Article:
Stocks slide as Powell says Fed fighting worst slump since WWII
NEW YORK - U.S. stock markets tumbled Wednesday after Federal Reserve Chairman Jerome Powell said the central bank will take further steps to combat the worst downturn since World War II and debate raged over whether states are scaling back coronavirus lockdowns too quickly.
The Dow Jones Industrial Average dropped 642 points, or 2.7 percent, while the S&P 500 dipped 2.52 percent and the Nasdaq Composite fell 2.49 percent.
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Powell said the Fed will use the tools at its disposal "to the fullest" until the crisis has passed and recovery is “well underway" for the economy. Attempting to prevent lasting damage from a prolonged recession that would hurt productive capacity is vital, he said.
"Economic forecasts are uncertain in the best of times, and today the virus raises a new set of questions," Powell added. "How quickly and sustainably will it be brought under control? Can new outbreaks be avoided as social-distancing measures lapse?"
As localities around the nation make varying decisions on how quickly to move out of shutdown mode, Arizona has decided to allow pools, gyms and fitness centers to reopen with social-distancing guidelines in place. Meanwhile, Los Angeles County said stay-at-home orders will likely remain in place for the next three months.
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Dr. Anthony Fauci, director of the National Institute of Allergy and Infectious Diseases, and other members of the coronavirus task force testified before a Senate committee on Tuesday, warning of the risks of states not following guidelines and reopening too quickly.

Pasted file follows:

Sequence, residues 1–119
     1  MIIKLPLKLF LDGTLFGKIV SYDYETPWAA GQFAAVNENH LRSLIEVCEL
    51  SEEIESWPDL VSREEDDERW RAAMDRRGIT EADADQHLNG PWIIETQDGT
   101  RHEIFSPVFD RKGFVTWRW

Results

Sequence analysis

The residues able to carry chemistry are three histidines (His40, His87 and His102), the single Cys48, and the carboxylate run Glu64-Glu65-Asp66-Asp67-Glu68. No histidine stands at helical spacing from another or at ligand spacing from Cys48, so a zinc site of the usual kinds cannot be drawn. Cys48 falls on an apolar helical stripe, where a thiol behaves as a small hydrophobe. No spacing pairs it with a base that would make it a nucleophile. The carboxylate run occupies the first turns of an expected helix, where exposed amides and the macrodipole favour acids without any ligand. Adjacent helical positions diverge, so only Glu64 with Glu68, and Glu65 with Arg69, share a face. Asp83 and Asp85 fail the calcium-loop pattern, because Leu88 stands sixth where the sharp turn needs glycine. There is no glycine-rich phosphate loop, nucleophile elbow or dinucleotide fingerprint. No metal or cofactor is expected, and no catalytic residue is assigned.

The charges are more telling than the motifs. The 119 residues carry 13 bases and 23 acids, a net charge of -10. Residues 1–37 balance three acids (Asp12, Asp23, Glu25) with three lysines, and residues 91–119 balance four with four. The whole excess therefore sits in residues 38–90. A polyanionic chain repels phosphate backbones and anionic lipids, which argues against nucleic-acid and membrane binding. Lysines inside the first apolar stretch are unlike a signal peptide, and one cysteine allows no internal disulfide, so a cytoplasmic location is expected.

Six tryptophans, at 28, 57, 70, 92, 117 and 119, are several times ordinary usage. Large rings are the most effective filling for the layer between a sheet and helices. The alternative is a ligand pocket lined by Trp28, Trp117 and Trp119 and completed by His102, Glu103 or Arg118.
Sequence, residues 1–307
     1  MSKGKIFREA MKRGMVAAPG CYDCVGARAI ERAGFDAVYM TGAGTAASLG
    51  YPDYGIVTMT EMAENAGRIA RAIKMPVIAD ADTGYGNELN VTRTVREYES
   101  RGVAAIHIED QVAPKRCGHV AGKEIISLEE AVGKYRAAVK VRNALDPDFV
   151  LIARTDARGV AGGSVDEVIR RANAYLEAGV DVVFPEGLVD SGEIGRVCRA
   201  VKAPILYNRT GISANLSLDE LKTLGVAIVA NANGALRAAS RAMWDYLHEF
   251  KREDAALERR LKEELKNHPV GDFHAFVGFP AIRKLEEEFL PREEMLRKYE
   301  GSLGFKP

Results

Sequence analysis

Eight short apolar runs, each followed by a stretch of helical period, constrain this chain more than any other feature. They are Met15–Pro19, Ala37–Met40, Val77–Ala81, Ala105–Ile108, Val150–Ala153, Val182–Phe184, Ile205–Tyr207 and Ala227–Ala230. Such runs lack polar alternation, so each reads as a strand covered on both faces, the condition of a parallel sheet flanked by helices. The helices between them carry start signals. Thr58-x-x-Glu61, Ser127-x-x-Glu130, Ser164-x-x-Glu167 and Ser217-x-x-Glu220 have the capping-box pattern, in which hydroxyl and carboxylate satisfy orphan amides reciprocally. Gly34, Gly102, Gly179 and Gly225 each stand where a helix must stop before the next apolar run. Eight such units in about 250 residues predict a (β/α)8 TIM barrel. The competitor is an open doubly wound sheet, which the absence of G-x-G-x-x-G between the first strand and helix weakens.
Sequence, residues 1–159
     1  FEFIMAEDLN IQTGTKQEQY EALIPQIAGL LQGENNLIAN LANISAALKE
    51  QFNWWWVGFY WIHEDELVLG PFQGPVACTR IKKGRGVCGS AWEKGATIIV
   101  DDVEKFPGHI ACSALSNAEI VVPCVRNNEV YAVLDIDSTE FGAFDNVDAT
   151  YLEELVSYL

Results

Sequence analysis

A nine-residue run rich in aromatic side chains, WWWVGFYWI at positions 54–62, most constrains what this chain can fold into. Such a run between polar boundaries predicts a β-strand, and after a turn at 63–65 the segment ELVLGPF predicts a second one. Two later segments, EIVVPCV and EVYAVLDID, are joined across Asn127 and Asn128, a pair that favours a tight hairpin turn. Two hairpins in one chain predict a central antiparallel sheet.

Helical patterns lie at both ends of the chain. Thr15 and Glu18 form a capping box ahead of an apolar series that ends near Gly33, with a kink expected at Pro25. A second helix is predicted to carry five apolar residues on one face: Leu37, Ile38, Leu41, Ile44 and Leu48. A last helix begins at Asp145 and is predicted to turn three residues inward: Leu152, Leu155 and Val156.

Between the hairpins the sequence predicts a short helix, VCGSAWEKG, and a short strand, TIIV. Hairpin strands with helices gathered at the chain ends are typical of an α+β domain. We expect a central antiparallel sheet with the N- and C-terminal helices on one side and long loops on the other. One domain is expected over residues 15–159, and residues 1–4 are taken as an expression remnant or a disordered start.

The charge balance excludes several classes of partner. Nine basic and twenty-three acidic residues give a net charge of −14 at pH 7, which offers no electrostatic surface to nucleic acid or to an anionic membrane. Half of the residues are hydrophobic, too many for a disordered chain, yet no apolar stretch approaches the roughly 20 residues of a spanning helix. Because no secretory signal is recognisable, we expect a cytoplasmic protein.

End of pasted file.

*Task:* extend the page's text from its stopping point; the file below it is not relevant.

Looking at stocks, GrubHub rejected Uber’s $6.25 billion all-stock takeover attempt that would have paid investors in the food-delivery service about 2.15 Uber shares for every share of GrubHub they owned, according to CNBC.
Las Vegas Sands ended its plans for a $10 billion casino project in Japan. Rivals Caesars Entertainment and Wynn Resorts previously suspended their pursuits of Japanese casinos.
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Streaming company Roku announced plans for the sale of up to 4 million common shares over time.
Embattled retailer J.C. Penney is in talks for a $450 million loan ahead of a bankruptcy filing that is expected to come as soon as Friday, CNBC said.
On the earnings front, cybersecurity firm CyberArk Software beat Wall Street estimates for both earnings and revenue, but predicted second-quarter sales and operating income below expectations.
West Texas Intermediate crude oil fell 1.42 percent to $25.42 a barrel after weekly data showed U.S. inventories fell for the first time in 16 weeks. Meanwhile, gold advanced 0.79 percent to $1,720 an ounce.
U.S. Treasurys ticked higher, pushing the yield on the 10-year note down by 4.1 basis points to 0.651 percent.
European markets were lower across the board, with France’s CAC down 2.32 percent, Germany’s DAX sliding 1.92 percent and Britain’s FTSE off 1.13 percent after government data showed the U.K. economy shrank by a record 5.8 percent in March.
In Asia, Japan’s Nikkei fell 0.49 percent and Hong Kong's Hang Seng slipped 0.27 percent while China’s Shanghai Composite added 0.23 percent.
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